By Christopher Adams at Reform Austin, October 30, 2020
California hasn’t fallen into the Pacific, but housing costs and taxes there have plunged into an ocean of unaffordability, sending many of its residents to a higher ground of tax freedom and real-estate sanity.
A multitude of these Californians have sought cost-of-living refuge elsewhere. According to The Economist, nearly 250,000 Golden Staters made the sprint across the southwest and into Texas between 2006-2017.
With these expats now tucked neatly into Texas life, will their political ideology translate into votes that impact the outcome of the 2020 general election and local ones?
Carol Donovan thinks they will.
“Since 2008, more than 700,000 Californians have moved to Texas to escape the rising cost-of-living in California,” wrote Donovan, Dallas County Democratic chair, in an email. “Since most of these Californians are Democrats, their migration has helped Texas become more progressive.”
Donovan said the settling of these California expats into major urban areas or nearby suburbs has resulted in a surge in the number of Democratic voters in those areas, including Dallas County.
More than 560,000 people from around the nation migrated to Texas in 2018, according to the 2020 Texas Relocation Report published by Texas Realtors. Most of the newcomers moved to north Texas — Collin, Dallas, Denton and Tarrant counties — and Harris County. Nearly 90,000 of them were from California, an increase of 36.4% from 2017.
“The influx of Californians is a Texas trend that’s been observed for years — and one that’s even spawned political pushback by conservatives who fear these domestic migrants will bring with them a liberal ideology that would disturb the Texas way of living,” reported the Dallas Morning News.
But where these expats live and what political party they identify with are probably inconsequential when it comes to the 2020 vote, said Josh Blank, research director of the Texas Politics Project.
“Texas is an extremely large state that experiences a significant amount of migration both out of the state as well as in,” he said in an email.
In 2018, Texans leaving the state numbered 462,140. The Lone Star State ranked third in the country in this Texas Relocation Report category.
Blank isn’t convinced the California expat demographic can be transformative.
“To the extent that Californians could have an electoral impact, it’s more psychological than real,” he said. “We hear a lot about Californians coming to Texas with their liberal values, but both anecdote and the little data we have suggest that registered voters who move to Texas from California tend to be more Republicans and conservatives, on average.”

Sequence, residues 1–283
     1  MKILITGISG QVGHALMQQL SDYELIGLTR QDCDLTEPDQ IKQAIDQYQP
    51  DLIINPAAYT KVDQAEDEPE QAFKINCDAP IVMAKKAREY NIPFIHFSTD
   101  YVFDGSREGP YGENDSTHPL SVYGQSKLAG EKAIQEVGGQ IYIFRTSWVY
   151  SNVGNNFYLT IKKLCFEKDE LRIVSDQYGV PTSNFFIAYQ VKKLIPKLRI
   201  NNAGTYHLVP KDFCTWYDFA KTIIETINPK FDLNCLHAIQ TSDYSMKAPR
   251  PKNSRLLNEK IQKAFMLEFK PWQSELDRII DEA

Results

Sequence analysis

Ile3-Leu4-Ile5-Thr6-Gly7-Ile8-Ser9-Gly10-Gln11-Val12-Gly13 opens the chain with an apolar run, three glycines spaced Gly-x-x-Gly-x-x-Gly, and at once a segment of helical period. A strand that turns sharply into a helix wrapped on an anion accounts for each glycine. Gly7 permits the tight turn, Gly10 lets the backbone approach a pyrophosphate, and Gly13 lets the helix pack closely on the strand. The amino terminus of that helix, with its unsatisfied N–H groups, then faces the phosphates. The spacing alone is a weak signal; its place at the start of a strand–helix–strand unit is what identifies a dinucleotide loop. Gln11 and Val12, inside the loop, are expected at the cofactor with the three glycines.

So not all transplants will be bubbling in Democrat candidates on the ballot, according to Paul Chabot, a California expat and founder of the Keep Texas Red Political Action Committee.
“Those moving here are voting Republican by a 60-to-40 split,” he wrote via email.
He said that Californians leaving the state due to excessive taxes, high fuel costs, inadequate schools, crime and homeless camps, “are smartly avoiding the Democrat-run cities like Austin, Houston, Texas, Dallas etc.,” opting for north Texas, the northern suburbs of Houston and the Hill Country. “Since 2007, California has lost a net million people. Those moving here are active in GOP efforts and will be a resounding measure to Keep Texas Red in 2022 and beyond.”
However, Blank said the reason the competition gap is closing between the two parties in Texas isn’t because of out-of-staters, but larger Democratic margins in urban centers where the most significant source of migration to these areas is coming from residents within the state moving to these locations, “not people coming from California and New York.”
While Donovan welcomes California Democrats to the fold, she pointed out that their presence is only a partial factor in Texas becoming a battleground state.
“Additional reasons include the rising Latino population, a significant increase in young Democratic voters, and the new majority of Democratic senior voters,” she said. “However, the primary reason is that the majority of voters, including former Republicans, believe that Donald Trump failed to protect Americans from the pandemic.”
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